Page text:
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# EC133: Linear Algebra

15 CATS - Department of Economics

### Principal Aims

To give the students a clear understanding of some important topics in linear algebra. Students will acquire an understanding of systems of simultaneous linear equations, vectors and linear maps in two- and three-dimensional space, theory and applications of matrix diagonalisation, general vector spaces, and quadratic forms.

### Principal Learning Outcomes

By the end of the module the student should be able to demonstrate an understanding of symbolic logic, basic properties of number systems, vectors and matrices in R², R³ and Rⁿ, vector spaces, linear maps, quadratic forms and their applications to certain sorts of problems (solving systems of simultaneous equations, long-term behaviour of coupled recurrence relations, etc) and understand formal mathematical definitions and theorems and apply them to solve problems in linear algebra.

### Syllabus

The module will typically cover the following topics: Set theory; Number systems; Symbolic logic; Vectors and vector spaces; Linear transformations; Eigenvalues and eigenvectors; Simultaneous equations; Matrix diagonalisation; Inner products; Symmetric matrices; Quadratic forms.

### Context

Pre or Co-requisites
A-level Mathematics
Part-year Availability for Visiting Students
Available in the Spring term only (5 problem sets - 12 CATS) and in the Spring and Summer terms together (5 problem sets and 1 x 2 hour exam - 15 CATS)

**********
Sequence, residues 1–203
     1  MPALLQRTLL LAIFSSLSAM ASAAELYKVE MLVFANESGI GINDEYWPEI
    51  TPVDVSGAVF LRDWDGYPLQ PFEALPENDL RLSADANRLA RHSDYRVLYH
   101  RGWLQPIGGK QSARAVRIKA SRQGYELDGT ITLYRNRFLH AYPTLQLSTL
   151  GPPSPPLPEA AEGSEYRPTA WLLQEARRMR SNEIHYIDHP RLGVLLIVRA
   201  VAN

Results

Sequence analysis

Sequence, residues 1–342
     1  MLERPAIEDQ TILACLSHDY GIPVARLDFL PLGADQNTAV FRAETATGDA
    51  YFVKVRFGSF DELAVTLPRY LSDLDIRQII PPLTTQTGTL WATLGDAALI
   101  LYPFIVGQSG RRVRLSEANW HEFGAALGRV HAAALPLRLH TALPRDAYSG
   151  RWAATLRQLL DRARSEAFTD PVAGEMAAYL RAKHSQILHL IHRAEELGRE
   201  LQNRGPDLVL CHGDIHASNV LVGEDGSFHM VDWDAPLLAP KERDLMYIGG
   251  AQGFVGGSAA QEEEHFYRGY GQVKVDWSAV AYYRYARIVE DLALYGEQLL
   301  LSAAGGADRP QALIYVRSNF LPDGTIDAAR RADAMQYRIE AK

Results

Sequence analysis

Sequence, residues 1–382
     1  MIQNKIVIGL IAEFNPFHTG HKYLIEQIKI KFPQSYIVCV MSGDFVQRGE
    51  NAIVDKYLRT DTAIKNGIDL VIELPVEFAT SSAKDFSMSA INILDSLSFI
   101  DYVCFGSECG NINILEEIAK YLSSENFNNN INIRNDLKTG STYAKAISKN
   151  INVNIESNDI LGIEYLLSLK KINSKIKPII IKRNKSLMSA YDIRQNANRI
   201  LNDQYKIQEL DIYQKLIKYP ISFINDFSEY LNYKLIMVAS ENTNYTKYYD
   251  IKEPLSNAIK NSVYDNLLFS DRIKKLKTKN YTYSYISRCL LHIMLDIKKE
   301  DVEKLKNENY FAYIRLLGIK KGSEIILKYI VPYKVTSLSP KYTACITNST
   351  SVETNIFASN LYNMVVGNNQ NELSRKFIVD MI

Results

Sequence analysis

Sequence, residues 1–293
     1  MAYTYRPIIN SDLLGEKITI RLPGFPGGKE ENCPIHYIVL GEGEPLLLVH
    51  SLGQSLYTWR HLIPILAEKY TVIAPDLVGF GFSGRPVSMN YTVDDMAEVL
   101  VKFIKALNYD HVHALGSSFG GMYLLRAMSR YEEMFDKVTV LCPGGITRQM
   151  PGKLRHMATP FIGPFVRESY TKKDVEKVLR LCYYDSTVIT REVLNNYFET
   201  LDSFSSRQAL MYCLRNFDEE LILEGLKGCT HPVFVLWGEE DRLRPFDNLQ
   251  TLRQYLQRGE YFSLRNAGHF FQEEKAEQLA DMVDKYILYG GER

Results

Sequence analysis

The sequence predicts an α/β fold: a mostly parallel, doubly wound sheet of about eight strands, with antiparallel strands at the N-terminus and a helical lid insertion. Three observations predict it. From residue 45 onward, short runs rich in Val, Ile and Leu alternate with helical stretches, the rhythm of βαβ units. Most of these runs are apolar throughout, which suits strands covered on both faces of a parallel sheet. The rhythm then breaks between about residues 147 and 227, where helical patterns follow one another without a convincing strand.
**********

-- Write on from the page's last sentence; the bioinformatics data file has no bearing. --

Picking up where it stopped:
### Assessment

Assessment Method
Coursework (20%) + 2 hour exam (80%)
Coursework Details
Five problem sets (worth 4% each)
Exam Timing
May/June

### Exam Rubric

Time Allowed: 2 Hours.

Answer THREE questions. Each question is worth 25 marks.

Approved pocket calculators are allowed.

A formula sheet is provided at the end of the exam paper.

Read carefully the instructions on the answer book provided and make sure that the particulars required are entered on each answer book. If you answer more questions than are required and do not indicate which answers should be ignored, we will mark the requisite number of answers in the order in which they appear in the answer book(s): answers beyond that number will not be considered.

Previous exam papers can be found in the University’s past papers archive. Please note that previous exam papers may not have operated under the same exam rubric or assessment weightings as those for the current academic year. The content of past papers may also be different.